Parents have called on city schools to “learn lessons” after a child was seriously injured during a PE lesson.
Alan Ramsay, 12, fractured his neck and broke his jaw in two places after indoor goalposts collapsed on him at Liberton High.
The S1 pupil was briefly knocked out after last Thursday’s incident, which happened less than a year after Keane Wallis-Bennett was crushed by a wall at the same school.
Schools and community centres in the Capital have now been ordered to review gym equipment and the city council has reported the accident to the Health and Safety Executive.
Lindsay Law, who represents parents on the council’s education, children and families committee, said: “When parents send their children to school they have a fairly simple expectation that they will be kept safe. I hope the council will thoroughly investigate what happened to ensure appropriate lessons are learned to avoid accidents like this in future at all schools across the estate.
“This is needed to rebuild the trust between parents and schools, which can be damaged by incidents such as this one.”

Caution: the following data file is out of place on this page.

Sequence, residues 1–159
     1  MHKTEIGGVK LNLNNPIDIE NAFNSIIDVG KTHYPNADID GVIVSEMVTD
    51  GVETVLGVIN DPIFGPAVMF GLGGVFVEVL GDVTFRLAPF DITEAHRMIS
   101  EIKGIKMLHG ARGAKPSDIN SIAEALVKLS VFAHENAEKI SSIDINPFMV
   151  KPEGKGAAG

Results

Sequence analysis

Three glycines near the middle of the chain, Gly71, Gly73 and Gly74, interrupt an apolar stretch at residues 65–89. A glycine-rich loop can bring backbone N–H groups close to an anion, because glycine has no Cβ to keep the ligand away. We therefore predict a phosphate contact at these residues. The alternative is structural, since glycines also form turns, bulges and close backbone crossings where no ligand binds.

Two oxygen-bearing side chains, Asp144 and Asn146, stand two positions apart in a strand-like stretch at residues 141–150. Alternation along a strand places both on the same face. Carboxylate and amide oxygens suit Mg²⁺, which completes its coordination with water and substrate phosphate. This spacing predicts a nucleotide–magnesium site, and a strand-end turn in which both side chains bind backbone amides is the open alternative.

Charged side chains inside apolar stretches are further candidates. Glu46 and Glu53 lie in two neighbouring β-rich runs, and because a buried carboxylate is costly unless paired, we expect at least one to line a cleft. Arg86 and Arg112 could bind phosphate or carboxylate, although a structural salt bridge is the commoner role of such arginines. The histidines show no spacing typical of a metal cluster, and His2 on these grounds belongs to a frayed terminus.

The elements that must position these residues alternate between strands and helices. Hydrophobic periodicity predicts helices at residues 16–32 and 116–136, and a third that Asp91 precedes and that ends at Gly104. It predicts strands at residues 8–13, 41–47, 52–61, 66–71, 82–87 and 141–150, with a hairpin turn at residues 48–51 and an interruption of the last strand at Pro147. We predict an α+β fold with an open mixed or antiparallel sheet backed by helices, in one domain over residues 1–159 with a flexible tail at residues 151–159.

Alan’s mum, Louise, has admitted her son was “silly” for swinging on the crossbar of goalposts during the game, but criticised Liberton High for not checking the equipment.
Ms Ramsay, 30, said her son was “overwhelmed by all the support” he had received from well-wishers following yesterday’s article in the News.
She said: “He’s doing alright – lots of his friends have been commenting on the story on his Facebook and he’s been putting pictures up.
“It’s now just a matter of seeing what will happen next with the school. He’s getting back to his cheeky self and doing well.”
Alan will return to the malliofacial unit at St John’s Hospital, Livingston, today for another check-up on his jaw.
He had an extensive operation to repair the two open fractures the day after the accident and faces at least two months in a neck brace.
Doctors are also monitoring a “kink” in a brain vessel, believed to be caused by the fracture at the top of his neck.
The condition is more often seen in adults, and can increase risk of a stroke, however doctors are so far pleased with Alan’s progress.